The past decade has seen an exponential increase in biological sequencing capacity, and there has been a simultaneous effort to help organize and archive some of the vast quantities of sequencing data that are being generated. Although these developments are tremendous from the perspective of maximizing the scientific utility of available data, they come with heavy costs. The storage and transmission of such vast amounts of sequencing data is expensive.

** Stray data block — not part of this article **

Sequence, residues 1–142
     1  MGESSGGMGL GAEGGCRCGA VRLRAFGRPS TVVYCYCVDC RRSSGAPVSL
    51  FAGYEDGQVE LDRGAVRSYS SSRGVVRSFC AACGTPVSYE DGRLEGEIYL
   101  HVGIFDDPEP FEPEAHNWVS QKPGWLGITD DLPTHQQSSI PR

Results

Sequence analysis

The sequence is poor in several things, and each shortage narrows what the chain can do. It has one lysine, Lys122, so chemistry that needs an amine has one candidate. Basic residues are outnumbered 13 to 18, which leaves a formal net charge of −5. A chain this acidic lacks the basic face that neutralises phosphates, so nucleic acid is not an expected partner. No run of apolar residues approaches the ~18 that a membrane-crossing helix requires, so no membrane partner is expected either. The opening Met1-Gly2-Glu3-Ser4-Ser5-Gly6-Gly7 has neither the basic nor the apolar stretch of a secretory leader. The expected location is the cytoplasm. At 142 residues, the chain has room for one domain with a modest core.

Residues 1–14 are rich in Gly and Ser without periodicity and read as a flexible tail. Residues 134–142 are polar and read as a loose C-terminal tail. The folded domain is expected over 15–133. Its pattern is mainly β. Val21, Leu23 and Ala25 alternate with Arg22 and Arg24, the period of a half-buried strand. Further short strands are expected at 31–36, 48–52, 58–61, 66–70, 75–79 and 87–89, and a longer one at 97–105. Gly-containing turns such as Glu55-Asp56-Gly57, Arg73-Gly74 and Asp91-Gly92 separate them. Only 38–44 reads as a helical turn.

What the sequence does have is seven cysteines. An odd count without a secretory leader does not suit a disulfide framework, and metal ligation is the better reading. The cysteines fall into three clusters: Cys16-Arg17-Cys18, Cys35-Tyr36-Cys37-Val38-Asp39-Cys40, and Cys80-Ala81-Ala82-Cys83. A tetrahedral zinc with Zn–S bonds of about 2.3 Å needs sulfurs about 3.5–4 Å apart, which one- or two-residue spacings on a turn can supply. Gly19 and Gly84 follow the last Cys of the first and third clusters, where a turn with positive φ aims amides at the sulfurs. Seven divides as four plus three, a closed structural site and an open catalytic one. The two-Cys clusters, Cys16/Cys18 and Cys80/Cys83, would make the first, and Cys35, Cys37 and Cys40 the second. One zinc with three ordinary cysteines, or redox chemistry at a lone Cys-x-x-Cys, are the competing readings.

We present Quark, a semi-reference-based compression tool designed for RNA-seq data. Quark makes use of a reference sequence when encoding reads, but produces a representation that can be decoded independently, without the need for a reference. This allows Quark to achieve markedly better compression rates than existing reference-free schemes, while still relieving the burden of assuming a specific, shared reference sequence between the encoder and decoder. We demonstrate that Quark achieves state-of-the-art compression rates, and that, typically, only a small fraction of the reference sequence must be encoded along with the reads to allow reference-free decompression.